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Virtually all personal computers sold today

Multimedia require large amount t of digital memory when stores in an end users library, or Fiber to the home (FTTH) Manufacturers large amounts of bandwidth when distributed over wires, glass Fiber, or airwaves on network. The greater the bandwidth, the bigger the “pipeline”, so more content can be delivered to end users quickly.CD-ROM, DVD and Multimedia: CD-ROM (compact disc read-only memory, has become the most cost-effective distribution medium for multimedia projects: a CD-ROM disc can be mass-produced for pennies and can contain up to 80 minutes of full-screen video or sound. Or it can come rain unique mixes of images, sound, text, video and animations controlled by an authoring system to provide ultimates user interaction. Discs can be stamped out of poly-carbonate plastic as fast as cookies on a baker’s production line and just as cheaply.

Virtually all personal computers sold today include a least a CD-ROM player, and the software that drives these computers is commonly available on a CD-ROM disc applications that required inserting as many as 16 or more floppy disk one after another are now installed from a CD-ROM without muss or fuss. Many systems now come with a DVD-ROM player, Multilayered Digital Versatile Disk (DVD) technology increases the capacity and multimedia capability or current optical technology to 18 GB. CD and DVD burners are used for reading discs and for making them, too, in audio, video, and data formats. DVD authoring and integration software allows the creation of interactive front-end menus for films and games. In the very long term, however, CD-ROM and DVD discs are but interim memory technologies that will be replaced by new devices that do not require moving parts. As the data highway described below becomes more and more pervasive and users become better “connected”, copper wire, glass Fiber, and radio/cellular technologies may prevail as the most common delivery means for interactive multimedia files, served across the broadband internet or from dedicated computer farms and storage facilities.The Multimedia Highway: Now, that telecommunications networks are global, and when information provides and content owners determines the worth of theirs products and how to charge money for them, information elements will ultimately link up online’s as distributed resources on a data highway (actually more like a toll road). Where you will pay to acquire and use multimedia-based information.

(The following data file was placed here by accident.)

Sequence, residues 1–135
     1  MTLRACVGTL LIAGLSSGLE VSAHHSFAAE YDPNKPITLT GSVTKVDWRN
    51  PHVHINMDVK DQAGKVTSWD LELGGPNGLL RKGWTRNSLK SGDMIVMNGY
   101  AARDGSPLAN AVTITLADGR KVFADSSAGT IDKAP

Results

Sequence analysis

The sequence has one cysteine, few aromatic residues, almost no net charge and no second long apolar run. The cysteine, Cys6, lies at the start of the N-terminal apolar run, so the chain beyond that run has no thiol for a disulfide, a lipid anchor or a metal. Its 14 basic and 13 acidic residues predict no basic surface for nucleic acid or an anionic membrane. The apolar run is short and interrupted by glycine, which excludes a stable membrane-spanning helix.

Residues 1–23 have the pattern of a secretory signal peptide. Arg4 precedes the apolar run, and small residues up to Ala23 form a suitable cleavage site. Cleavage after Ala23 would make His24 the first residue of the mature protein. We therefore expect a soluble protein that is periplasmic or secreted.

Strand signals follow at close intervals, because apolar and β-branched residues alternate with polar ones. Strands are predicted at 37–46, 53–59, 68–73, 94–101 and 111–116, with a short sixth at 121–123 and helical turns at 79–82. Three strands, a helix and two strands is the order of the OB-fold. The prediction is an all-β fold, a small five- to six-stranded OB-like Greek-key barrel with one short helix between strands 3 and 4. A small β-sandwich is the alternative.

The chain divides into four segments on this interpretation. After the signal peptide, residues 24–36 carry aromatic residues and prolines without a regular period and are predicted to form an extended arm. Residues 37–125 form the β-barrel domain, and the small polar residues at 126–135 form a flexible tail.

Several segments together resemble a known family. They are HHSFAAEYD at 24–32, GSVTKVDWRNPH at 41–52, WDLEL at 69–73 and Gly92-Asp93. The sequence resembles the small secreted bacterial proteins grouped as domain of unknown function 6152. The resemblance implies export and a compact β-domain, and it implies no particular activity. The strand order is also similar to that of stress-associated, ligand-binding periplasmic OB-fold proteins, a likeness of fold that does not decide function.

Curiously, the actual glass Fiber cables that makes up much of the physical backbone of the data highway are, in many cases. Owned by railroad and pipelines companies who simply buried the cables on existing rights of way where no special permits and environmental reports are necessary. One railroad in the United States invested more than a million dollars in a special cable laying trenching car; in the United Kingdom, there is talk of placing a fiber-optic cables backbone along the decaying 19th century canal and barge system. Bandwidth on these lines is leased to other, so competing retailers such as AT&T, MCI, and Sprint may even share the same cable. Full-text content from books and magazines is accessible by modem and electronic link; features movies are played at home; real-time new reports from anywhere on earth are available; lectures from participating universities are monitored for education credits; street maps of any city are view-able with recommendations for restaurants, in any language-and online travelogues include testimonials and video tracks. This is not science fiction; it is happing now. For each of these interfaces or gateways to information is a Multimedia projects just waiting to be developed.Legotech: What is CD-ROM and the Multimedia Highway?


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